Hernandez joins the Board with a stellar social justice background. He is currently the Senior Field Organizer for Economic Justice at the Washington DC based Community Change, dedicated to building the power and capacity of low-income people, especially low-income people of color, to change the policies and institutions that impact their lives. Hernandez is also actively involved within the local community serving on the McCune Foundation’s Social Change Institute’s Advisory Committee and is a co-founder of City Corps of Oxnard, a youth leadership and service-learning program that provides job training and life skills for low income and young people of color. He has also led youth development and health education efforts at El Concilio del Condado de Ventura, was the Director of the Central Coast Environmental Health Project (CCEHP) for California Rural Legal Assistance (CRLA) and a founding member of the Central Coast Alliance United for a Sustainable Economy (CAUSE).
“Cesar is an impressive individual,” said Housing Trust Fund VC Board Chair Jennie Buckingham. “Between his private sector work as Director of Corporate Social Responsibility for Reiter Affiliated, the largest fresh berry grower in the world, to his many community endeavors advocating for low-income people, Cesar brings a valuable perspective to our Board.” Leading labor strategy efforts to improve earning, working, and living conditions for over 20,000 harvesters in the U.S, Hernandez led the company’s philanthropic giving and supply chain responsibility efforts in both the U.S. and Mexico. His work earned him the position of Fellow with the California Agricultural Leadership Foundation.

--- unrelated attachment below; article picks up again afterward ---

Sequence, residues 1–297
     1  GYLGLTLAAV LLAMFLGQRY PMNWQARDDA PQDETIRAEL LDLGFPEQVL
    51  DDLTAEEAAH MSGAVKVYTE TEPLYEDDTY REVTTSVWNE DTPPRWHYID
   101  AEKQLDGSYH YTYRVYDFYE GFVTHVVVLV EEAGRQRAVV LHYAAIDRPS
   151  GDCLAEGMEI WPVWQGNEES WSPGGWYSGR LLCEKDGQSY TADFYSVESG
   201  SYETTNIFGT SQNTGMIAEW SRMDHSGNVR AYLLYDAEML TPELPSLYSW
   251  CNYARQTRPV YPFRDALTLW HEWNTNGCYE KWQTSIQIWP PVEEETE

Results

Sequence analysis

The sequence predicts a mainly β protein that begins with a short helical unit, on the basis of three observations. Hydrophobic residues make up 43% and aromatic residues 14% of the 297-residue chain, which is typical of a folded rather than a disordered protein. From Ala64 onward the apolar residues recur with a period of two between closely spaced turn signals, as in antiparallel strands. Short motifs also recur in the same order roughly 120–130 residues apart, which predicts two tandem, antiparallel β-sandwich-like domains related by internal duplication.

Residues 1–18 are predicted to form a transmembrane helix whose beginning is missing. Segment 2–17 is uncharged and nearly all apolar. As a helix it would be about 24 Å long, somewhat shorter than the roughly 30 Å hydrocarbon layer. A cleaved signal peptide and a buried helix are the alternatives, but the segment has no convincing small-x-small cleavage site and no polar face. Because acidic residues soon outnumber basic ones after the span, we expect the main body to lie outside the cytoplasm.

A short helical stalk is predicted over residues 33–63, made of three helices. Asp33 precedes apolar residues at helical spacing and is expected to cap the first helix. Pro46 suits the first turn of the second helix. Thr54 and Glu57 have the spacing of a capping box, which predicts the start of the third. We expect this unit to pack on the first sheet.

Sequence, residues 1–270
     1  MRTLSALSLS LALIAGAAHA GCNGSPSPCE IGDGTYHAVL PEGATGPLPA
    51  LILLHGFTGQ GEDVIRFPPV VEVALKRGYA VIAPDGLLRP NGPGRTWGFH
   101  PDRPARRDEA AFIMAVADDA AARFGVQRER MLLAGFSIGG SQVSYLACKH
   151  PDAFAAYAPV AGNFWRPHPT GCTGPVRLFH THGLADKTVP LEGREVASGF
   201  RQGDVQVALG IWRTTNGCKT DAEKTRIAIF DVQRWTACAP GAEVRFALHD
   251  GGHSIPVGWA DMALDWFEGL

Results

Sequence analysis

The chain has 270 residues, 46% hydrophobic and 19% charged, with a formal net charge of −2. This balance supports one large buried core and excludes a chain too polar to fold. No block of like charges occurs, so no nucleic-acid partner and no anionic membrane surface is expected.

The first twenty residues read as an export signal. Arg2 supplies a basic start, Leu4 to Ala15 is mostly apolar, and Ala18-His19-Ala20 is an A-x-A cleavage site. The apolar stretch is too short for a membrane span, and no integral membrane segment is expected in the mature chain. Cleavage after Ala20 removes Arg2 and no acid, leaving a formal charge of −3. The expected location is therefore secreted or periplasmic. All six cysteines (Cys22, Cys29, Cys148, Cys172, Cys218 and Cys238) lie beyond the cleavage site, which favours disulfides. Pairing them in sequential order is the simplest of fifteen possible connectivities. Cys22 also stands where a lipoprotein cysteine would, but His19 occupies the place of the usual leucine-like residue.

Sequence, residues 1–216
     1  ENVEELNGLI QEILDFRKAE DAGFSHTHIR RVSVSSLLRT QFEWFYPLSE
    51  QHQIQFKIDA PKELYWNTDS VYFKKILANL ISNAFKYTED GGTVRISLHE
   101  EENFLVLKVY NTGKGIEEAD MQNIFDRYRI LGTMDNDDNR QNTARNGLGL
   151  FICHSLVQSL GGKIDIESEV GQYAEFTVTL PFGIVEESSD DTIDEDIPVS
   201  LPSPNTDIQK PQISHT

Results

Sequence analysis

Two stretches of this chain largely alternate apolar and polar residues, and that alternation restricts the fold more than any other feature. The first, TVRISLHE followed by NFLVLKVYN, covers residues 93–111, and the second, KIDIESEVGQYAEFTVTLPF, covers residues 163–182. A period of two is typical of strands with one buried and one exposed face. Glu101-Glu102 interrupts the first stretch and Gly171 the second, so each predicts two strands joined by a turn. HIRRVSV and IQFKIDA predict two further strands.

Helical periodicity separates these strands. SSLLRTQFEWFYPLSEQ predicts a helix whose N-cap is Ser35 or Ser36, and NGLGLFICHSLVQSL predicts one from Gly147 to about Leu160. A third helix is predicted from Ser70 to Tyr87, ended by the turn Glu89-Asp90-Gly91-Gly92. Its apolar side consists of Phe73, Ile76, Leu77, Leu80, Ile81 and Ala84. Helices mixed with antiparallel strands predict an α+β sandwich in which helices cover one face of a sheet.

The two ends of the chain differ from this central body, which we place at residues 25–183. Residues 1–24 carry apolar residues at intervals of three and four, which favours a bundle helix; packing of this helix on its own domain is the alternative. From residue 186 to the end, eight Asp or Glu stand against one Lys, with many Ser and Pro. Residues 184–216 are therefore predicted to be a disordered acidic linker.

Originally from Guadalajara, Mexico, Cesar Hernandez immigrated with his family to the United States in the late 1970’s and was raised in Oxnard. “As a kid growing up in Colonia Village, a public housing project built and managed by the City of Oxnard, my community was always a source of inspiration,” commented Hernandez. “My success is directly linked to the stability that affordable housing provided to my parents. I remember feeling lucky to have my own bedroom, where I could study and dream about what I could become and where I wanted to go in the world. It is my hope that we can all work together to help more families thrive and it starts with a safe place to call home.”